Dark, dank and murky, the unused railway tunnels under Waterloo Station
would seem the ideal location for Beth Steel’s post-apocalyptic play, Ditch,
a co-production between HighTide and the nearby Old Vic.
Entering the cavernous space via a makeshift box office, you’re free to
explore the various scene-setting installations – a dead rabbit hanging by
its legs, a tree suspended above a circle of crimson, piles of mud-coated
junk, a cute illuminated fawn – and visit the unexpectedly plush bar before
taking your (thankfully) padded red seat to watch the conventionally staged
play as trains rumble noisily overhead.
Steel’s gloomy view of what Britain might be like in the near future –
flooded by water, governed by fascist strongmen intent on rounding up the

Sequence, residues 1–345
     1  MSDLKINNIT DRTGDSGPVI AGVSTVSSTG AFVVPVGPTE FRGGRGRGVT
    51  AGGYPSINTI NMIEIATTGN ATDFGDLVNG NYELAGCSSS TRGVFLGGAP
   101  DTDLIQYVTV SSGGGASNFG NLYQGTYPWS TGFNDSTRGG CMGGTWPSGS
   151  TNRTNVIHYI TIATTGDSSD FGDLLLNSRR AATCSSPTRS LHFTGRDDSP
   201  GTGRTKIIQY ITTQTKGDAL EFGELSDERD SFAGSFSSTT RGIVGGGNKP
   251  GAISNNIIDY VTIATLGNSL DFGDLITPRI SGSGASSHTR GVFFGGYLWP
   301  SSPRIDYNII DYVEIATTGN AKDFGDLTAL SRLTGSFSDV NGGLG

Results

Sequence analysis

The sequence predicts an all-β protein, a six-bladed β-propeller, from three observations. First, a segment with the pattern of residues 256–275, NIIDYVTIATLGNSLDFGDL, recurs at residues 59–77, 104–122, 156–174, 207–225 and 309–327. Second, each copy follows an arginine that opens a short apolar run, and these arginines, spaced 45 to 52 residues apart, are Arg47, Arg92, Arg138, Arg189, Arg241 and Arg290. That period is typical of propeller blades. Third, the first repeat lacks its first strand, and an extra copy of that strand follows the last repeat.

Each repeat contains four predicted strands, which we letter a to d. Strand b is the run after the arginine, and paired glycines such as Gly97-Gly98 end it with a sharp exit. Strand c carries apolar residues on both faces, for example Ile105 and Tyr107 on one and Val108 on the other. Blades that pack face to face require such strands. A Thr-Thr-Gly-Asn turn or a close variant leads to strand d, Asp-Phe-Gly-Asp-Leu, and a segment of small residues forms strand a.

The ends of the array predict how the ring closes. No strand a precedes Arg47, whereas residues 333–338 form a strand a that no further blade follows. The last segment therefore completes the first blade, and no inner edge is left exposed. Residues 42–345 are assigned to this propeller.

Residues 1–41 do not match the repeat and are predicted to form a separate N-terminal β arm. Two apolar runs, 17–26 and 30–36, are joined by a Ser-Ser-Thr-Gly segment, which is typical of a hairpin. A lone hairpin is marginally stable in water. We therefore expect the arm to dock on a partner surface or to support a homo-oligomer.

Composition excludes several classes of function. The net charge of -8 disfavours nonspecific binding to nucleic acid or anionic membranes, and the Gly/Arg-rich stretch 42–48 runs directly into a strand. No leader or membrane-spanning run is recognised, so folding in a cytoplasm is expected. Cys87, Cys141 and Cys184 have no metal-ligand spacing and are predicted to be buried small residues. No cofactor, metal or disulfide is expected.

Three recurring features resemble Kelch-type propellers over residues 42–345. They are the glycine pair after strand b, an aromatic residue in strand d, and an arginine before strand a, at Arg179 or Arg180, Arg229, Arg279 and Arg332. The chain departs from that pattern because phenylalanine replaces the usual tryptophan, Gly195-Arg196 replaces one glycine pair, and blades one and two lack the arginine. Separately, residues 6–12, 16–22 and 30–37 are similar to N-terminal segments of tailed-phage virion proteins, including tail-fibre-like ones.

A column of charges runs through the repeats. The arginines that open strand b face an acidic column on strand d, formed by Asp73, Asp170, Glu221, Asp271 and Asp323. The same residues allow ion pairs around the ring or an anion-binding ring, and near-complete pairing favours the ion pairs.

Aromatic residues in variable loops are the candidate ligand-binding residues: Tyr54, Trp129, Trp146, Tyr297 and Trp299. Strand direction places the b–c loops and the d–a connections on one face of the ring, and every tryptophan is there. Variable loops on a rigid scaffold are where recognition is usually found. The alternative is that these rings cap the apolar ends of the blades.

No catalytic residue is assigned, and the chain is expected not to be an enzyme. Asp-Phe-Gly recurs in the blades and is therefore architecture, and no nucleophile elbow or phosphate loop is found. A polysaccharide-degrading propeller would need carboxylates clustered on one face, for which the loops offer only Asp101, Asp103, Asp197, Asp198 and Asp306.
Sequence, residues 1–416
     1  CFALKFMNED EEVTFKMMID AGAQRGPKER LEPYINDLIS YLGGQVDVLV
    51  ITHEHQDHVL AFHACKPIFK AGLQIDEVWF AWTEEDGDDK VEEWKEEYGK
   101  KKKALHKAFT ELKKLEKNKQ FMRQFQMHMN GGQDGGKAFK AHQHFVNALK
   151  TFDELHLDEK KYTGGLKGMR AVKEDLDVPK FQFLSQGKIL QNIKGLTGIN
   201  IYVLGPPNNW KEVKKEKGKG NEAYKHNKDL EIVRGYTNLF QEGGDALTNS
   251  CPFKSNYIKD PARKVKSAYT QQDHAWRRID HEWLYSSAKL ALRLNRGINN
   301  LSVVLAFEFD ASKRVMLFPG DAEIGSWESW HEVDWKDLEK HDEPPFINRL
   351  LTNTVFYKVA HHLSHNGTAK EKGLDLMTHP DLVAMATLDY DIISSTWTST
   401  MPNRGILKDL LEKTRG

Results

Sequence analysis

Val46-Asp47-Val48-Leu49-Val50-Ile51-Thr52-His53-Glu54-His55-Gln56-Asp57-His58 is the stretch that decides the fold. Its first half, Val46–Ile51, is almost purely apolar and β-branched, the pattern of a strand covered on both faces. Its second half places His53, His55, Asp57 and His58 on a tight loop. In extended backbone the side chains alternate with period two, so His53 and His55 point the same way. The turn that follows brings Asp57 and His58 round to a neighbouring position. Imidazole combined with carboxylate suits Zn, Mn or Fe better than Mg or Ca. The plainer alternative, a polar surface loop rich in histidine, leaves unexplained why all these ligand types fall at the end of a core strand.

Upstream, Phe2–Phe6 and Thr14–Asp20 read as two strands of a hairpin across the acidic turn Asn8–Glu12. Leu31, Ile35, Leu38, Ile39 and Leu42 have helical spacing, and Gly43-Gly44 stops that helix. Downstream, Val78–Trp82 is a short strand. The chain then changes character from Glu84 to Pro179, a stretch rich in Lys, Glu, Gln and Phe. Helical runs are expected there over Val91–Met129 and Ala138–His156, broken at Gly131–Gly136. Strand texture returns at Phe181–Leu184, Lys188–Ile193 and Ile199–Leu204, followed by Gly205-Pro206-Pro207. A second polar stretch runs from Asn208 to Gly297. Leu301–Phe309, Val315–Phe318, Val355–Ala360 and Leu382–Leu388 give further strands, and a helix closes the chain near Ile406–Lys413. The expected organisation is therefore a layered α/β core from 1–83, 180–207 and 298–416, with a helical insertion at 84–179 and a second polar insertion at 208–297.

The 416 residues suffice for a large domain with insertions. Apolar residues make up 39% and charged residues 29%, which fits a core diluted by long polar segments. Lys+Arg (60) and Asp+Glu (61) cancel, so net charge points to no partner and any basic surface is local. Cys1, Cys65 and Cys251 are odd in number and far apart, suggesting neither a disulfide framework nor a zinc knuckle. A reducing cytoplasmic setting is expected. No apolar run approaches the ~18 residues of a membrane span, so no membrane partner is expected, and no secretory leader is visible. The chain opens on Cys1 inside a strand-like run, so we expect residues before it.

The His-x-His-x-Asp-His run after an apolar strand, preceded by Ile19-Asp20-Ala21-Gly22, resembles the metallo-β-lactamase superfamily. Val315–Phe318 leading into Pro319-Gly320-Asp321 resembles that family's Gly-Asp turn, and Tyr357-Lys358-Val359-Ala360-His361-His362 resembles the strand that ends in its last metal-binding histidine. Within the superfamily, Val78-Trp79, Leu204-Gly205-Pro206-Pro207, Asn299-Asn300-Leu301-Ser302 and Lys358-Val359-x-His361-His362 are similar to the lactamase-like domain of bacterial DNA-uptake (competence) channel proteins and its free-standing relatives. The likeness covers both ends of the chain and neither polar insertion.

last of the “illegals” still roaming the countryside, and with food in short
supply – is as unappealing as designer takis’ evocation of the remote Peak
District farm turned Security outpost.
Here, with the help of Matti
Houghton’s young Megan, Dearbhla Molloy’s strict Mrs. Peel caters as best
she can for a trio of soldiers (Sam Hazeldine, Paul Rattray and newest
arrival James Gethin Anthony – none of whom have much of a future to look
forward to) under the control of Danny Webb’s newly promoted Burns, a
whisky-sodden old-timer waiting in vain for his son to return from fighting
over a pipeline in Venezuela.
There’s nothing wrong with the performances, and the chilly location adds
atmosphere. But Steel’s scenario lacks originality and – despite a handful
of well-written scenes, the occasional witty retort, and a single striking
act – this drama (her first) is only as nourishing as Mrs Peel’s solitary
early spud with its promise of better things to come.
Review: Louise Kingsley